Wed, Oct 10, 2018 - Page 8 News List

EDITORIAL: Time to get tough on drunk drivers

The Executive Yuan needs to be applauded for approving a draft amendment to the Road Traffic Management and Penalty Act (道路交通管理處罰條例) that would require people who are caught driving under the influence of alcohol to pay for the compulsory safety lectures they are required to attend, instead of the government covering the costs.

The act should have been amended long ago, as it places a burden on taxpayers for other people’s wrongdoings.

The bill is one of many indicators that the government is serious about curbing drunk driving and giving teeth to traffic regulations, which have too often led to ridiculously light sentences for drunk drivers, even for those who caused fatal accidents.

The government in June raised the penalty for drivers who try to flee from a police checkpoint to a NT$20,000 and a six-month suspension of their driver’s license. The measure took effect last month.

However, the penalty for refusing to submit to a breath alcohol test is NT$90,000, which is why people demanded a bigger fine for motorists who try to escape from checkpoints in the first place. Facing a choice between paying a NT$20,000 or a NT$90,000 fine, some drunk drivers could be tempted to flee. Even if they are eventually caught, their actions could pose a serious public risk as they speed down the streets in an attempt to flee the police — more so than refusing to take a breath alcohol test.

From January to March, 15.2 percent of motorists who were stopped at police checkpoints in New Taipei City refused to take a breath test, preferring to pay the NT$90,000 fine instead of facing drunk-driving charges. The ratio in Taipei was 11.4 percent.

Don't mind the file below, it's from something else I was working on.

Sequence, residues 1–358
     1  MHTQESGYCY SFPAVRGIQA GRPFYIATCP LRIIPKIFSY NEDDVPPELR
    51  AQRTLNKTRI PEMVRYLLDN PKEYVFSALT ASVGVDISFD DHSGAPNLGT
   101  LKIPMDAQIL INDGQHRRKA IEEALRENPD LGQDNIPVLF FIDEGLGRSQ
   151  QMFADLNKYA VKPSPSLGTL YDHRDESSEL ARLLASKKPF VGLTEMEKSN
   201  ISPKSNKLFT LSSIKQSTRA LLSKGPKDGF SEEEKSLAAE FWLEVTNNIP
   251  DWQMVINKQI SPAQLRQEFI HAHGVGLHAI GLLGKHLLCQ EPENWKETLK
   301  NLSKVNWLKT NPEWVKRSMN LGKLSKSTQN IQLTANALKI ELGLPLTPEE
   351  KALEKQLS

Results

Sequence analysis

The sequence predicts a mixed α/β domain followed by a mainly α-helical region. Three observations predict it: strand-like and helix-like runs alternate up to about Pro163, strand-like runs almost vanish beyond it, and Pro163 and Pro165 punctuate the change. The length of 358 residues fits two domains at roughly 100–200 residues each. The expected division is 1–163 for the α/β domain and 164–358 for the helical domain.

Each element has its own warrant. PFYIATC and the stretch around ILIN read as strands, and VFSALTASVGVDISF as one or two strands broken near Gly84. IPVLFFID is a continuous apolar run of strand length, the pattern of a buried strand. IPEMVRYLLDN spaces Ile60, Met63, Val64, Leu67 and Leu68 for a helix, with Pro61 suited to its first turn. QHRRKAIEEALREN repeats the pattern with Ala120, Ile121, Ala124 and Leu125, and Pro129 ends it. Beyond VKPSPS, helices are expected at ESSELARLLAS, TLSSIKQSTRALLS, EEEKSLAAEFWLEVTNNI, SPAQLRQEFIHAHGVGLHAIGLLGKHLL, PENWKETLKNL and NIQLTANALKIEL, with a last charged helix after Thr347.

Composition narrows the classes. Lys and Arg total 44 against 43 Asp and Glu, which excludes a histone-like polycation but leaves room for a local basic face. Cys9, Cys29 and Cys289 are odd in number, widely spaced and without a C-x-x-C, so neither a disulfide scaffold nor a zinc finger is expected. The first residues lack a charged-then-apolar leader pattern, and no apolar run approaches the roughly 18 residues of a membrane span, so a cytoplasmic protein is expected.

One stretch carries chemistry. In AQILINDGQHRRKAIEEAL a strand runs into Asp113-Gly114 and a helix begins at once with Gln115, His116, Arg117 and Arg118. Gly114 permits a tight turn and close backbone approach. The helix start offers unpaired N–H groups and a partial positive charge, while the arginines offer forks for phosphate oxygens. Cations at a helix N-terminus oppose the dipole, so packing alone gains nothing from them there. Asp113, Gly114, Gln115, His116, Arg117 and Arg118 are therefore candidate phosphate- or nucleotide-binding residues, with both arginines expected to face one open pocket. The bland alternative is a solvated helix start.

Vague remarks by government officials have already cast doubt on whether the amended act would be enough to discourage drunk driving.

Department of Railways and Highways Director-General Chen Wen-juei (陳文瑞) told reporters last week that the amendment would hopefully deter drunk driving, while Deputy Minister of Transportation and Communications Wang Kwo-tsai (王國材) declined to disclose exactly how much the offenders would pay for the lectures, saying: “What matters more is the spirit of the bill, which is to ensure fairness by having people who disobey the law pay for their offenses instead of taxpayers.”

Such “government-speak” leads to the suspicion that the figure would not be enough to deter drunk driving, as significant fines have yet to alleviate the problem.

Amending the law would indeed ensure fairness to taxpayers, but its other effects are in doubt.

What really would make a difference is clamping down. Taipei prosecutors on Friday last week charged a driver — who allegedly killed another motorist and seriously injured two others while driving under the influence — with manslaughter instead of the usual “offenses against public safety and negligence in causing death.”

Their rationale was that “even though [the offender] knew he had drunk much more than the legal limit, [he] still drove home, directly causing the fatal accident, so he should be charged for unintentionally killing [the victim] through his actions.”

Some people might deem the charges unfair, considering that the driver who mowed down three migrant workers, killing two of them, did not face manslaughter charges during his trial in August.

However, a precedent has to be set at some point.

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